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Publication numberUS7380377 B2
Publication typeGrant
Application numberUS 11/034,126
Publication dateJun 3, 2008
Filing dateJan 12, 2005
Priority dateJan 12, 2005
Fee statusPaid
Also published asCA2632494A1, EP1838935A1, US20060150542, WO2006076335A1
Publication number034126, 11034126, US 7380377 B2, US 7380377B2, US-B2-7380377, US7380377 B2, US7380377B2
InventorsJames Eric Brinton, Leonard Ken Moody, Jr., Mark Albert Feucht, Jeffrey Joseph Ronan, Michael James Waters
Original AssigneeVkr Holding A/S
Export CitationBiBTeX, EndNote, RefMan
External Links: USPTO, USPTO Assignment, Espacenet
Adjustable skylight angle adaptor and system
US 7380377 B2
Abstract
A swiveling skylight mount and system is provided. The mount may include a base mount defining an opening therein, the opening bounded by a constantly radiused wall. The mount may also include an adjustment ring, the adjustment ring including an aperture adapted for receipt of a skylight tube. The adjustment ring may include a constantly radiused outer surface. The outer surface of the adjusting ring may be disposed at least partially against the wall defined by the opening in the base mount, and adapted to swivel relative to the base mount. Such a swiveling sky mount may also be included in an adjustable skylight system, that also includes a flashing unit to which the base mount may be attached, and a light transmissive dome.
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Claims(23)
1. An adjustable skylight system, comprising:
a flashing unit;
a base mount, said base mount carried by said flashing unit, said base mount defining an opening therethrough, said opening being at least partially continuously radiused;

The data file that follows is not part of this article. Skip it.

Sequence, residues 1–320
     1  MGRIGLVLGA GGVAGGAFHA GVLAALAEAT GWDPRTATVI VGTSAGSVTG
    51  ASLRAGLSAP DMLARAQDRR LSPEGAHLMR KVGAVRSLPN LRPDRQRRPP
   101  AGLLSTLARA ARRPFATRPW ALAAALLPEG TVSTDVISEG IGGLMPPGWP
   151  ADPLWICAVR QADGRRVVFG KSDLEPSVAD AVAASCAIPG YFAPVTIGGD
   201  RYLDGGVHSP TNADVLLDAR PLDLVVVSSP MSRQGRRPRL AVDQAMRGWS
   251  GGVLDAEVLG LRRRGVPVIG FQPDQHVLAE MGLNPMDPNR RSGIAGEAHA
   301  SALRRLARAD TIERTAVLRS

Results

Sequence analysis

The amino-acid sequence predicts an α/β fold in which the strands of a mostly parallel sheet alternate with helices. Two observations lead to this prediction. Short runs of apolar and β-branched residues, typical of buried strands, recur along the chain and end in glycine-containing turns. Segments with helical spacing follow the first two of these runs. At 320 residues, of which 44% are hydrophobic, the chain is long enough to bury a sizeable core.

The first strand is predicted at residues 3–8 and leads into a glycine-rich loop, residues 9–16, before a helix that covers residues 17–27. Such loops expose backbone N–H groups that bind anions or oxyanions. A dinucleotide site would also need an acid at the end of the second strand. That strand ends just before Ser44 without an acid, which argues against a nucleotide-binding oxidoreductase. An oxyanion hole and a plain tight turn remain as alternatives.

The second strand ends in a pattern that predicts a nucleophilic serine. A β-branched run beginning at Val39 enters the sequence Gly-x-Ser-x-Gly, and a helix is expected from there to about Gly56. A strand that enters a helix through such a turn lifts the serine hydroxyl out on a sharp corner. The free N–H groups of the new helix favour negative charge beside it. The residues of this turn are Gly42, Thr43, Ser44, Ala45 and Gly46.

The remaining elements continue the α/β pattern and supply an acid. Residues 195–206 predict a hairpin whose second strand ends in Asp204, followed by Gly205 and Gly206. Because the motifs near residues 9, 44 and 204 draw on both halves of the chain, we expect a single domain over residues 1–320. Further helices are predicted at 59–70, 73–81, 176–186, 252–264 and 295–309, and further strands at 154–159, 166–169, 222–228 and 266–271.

an adjustment ring, said adjustment ring defining an aperture therethrough, said aperture adapted for receipt of a skylight tube, said adjustment ring including an outer surface opposite said aperture, said outer surface having a shape at least partially complementary of said base mount opening, said adjustment ring adapted to slidably swivel within said opening of said base mount with said adjustment ring outer surface at least partially against said base mount opening;
said adjustment ring carried only by said base mount within said adjustable skylight system;
a cover, said cover being light transmissive, said cover disposed above said adjustment ring.
2. The adjustable skylight system of claim 1, wherein said outer surface includes a frustospherical shape.
3. The adjustable skylight system of claim 1, wherein said base mount opening includes a frustospherical shape.
4. The adjustable skylight system of claim 2, wherein said base mount opening has a frustospherical shape.
5. The adjustable skylight system of claim 1, wherein said base mount is configured for water-resistant attachment to said flashing unit.
6. The adjustable skylight system of claim 1, wherein:
said flashing unit defines a top opening and an opposed bottom opening, said top opening of said flashing unit being bounded by an annular wall; and
said base mount includes a slot, said slot configured for receipt of said annular wall of said flashing unit.
7. The adjustable skylight system of claim 5, said cover configured for attachment to said base mount.
8. The adjustable skylight system of claim 7, said base mount further including at least one drain.
9. The adjustable skylight system of claim 1, wherein:
said cover is configured for overlapping interconnection with said base mount;
said base mount defines at least one drain.
10. The adjustable skylight system of claim 9, wherein said at least one drain includes a top end and an opposed bottom end, said top end larger than said bottom end.
11. The adjustable skylight system of claim 7, said base mount further including means for draining.
12. The adjustable skylight system of claim 1, further including means for securing a skylight tube within said aperture.
13. The adjustable skylight system of claim 1, said flashing unit further including at least one diverter.